There is every reason to believe that corn has succeeded in domesticating us.
Though the industrial logic that made feeding cattle to cattle seem like a good idea has been thrown into doubt by mad cow disease, I was surprised to learn it hadn't been discarded. The FDA ban on feeding ruminant protein to ruminants makes an exception for blood products and fat; my steer will probably dine on beef tallow recycled from the very slaughterhouse he's heading to in June.
Twenty thousand birds moved away from me as one, like a ground-hugging white cloud, clucking softly.
Very simply, we subsidize high-fructose corn syrup in this country, but not carrots. While the surgeon general is raising alarms over the epidemic of obesity, the president is signing farm bills designed to keep the river of cheap corn flowing, guaranteeing that the cheapest calories in the supermarket will continue to be the unhealthiest.
Were the walls of our meat industry to become transparent, literally or even figuratively, we would not long continue to raise, kill, and eat animals the way we do.
When chickens get to live like chickens, they'll taste like chickens, too.
Without such a thing as fast food, there would be no need for slow food,
Polyface is proof that people can sometimes do more for the health of a place by cultivating it rather than by leaving it alone.
So much about life in a global economy feels as though it has passed beyond the individual's control--what happens to our jobs, to the prices at the gas station, to the vote in the legislature. But somehow food still feels a little different. We can still decide, every day, what we're going to put into our bodies, what sort of food chain we want to participate in. We can, in other words, reject the industrial omelet on offer and decide to eat another.
So this is what commodity corn can do to a cow: industrialize the miracle of nature that is a ruminant, taking this sunlight- and prairie grass-powered organism and turning it into the last thing we need: another fossil fuel machine. This one, however, is able to suffer.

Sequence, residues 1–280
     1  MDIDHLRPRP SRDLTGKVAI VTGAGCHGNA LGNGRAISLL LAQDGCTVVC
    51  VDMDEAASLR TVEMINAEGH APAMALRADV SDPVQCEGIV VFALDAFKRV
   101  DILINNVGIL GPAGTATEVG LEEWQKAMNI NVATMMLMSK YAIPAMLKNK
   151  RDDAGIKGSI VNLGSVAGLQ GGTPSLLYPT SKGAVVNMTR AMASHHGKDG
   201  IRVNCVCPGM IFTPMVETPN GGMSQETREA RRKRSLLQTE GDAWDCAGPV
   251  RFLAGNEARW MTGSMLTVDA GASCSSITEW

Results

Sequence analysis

Suffering... is not just lots of pain but pain amplified by distinctly human emotions such as regret, self-pity, shame, humiliation, and dread.
The single greatest lesson the garden teaches is that our relationship to the planet need not be zero-sum, and that as long as the sun still shines and people still can plan and plant, think and do, we can, if we bother to try, find ways to provide for ourselves without diminishing the world.
The true socialist utopia turns out to be a field of F-1 hybrid plants.
Experiences that banish irony are much better for living than for writing.
Growing corn, which from a biological perspective had always been a process of capturing sunlight to turn into food, has in no small measure become a process of converting fossil fuels into food.
I asked the feedlot manager why they didn't just spray the liquefied manure on neighboring farms. The farmers don't want it, he explained. The nitrogen and phosphorus levels are so high that spraying the crops would kill them. He didn't say that feedlot wastes also contain heavy metals and hormone residues, persistent chemicals that end up in waterways downstream, where scientists have found fish and amphibians exhibiting abnormal sex characteristics.
I like to be able to open a can of stock and I like to talk about politics, or the movies, at the dinner table sometimes instead of food.
I said before that McDonald's serves a kind of comfort food, but after a few bites I'm more inclined to think they're selling something more schematic than that--something more like a signifier of comfort food. So you eat more and eat more quickly, hoping somehow to catch up to the original idea of a cheeseburger or French fry as it retreats over the horizon. And so it goes, bite after bite, until you feel not satisfied exactly, but simply, regrettably, full.
Instead of eating exclusively from the sun, humanity now began to sip petroleum.
More grass means less forest; more forest less grass. But either-or is a construction more deeply woven into our culture than into nature, where even antagonists depend on one another and the liveliest places are the edges, the in-betweens or both-ands..... Relations are what matter most.
Perhaps as the sway of tradition in our eating decisions weakens, habits we once took for granted are thrown up in the air, where they're more easily buffeted by a strong idea or a breeze of fashion.
As long as one egg looks pretty much like another, all the chickens like chicken, and beef beef, the substitution of quantity for quality will go unnoticed by most consumers, but it is becoming increasingly apparent to anyone with an electron microscope or a mass spectrometer that, truly, this is not the same food.
But that's the challenge -- to change the system more than it changes you.
Cheapness and ignorance are mutually reinforcing. And it's a short way from not knowing who's at the other end of your food chain to not caring - to the carelessness of both producers and consumers.
Curiously, the one bodily fluid of other people that doesn't disgust us is the one produced by the human alone: tears. Consider the sole type of used tissue you'd be willing to share.
Dreams of innocence are just that; they usually depend on a denial of reality that can be its own form of hubris.
More Michael Pollan Quotations (Based on Topics)
Food - Nature - Animals - Politics - Journalism - Writing - Place - Health - Science - Environment - World - Time - Medicine & Medical - America - Garden - Fairness - People - Movies - Sin - View All Michael Pollan Quotations
More Michael Pollan Quotations (By Book Titles)
- The Omnivore's Dilemma: A Natural History of Four Meals
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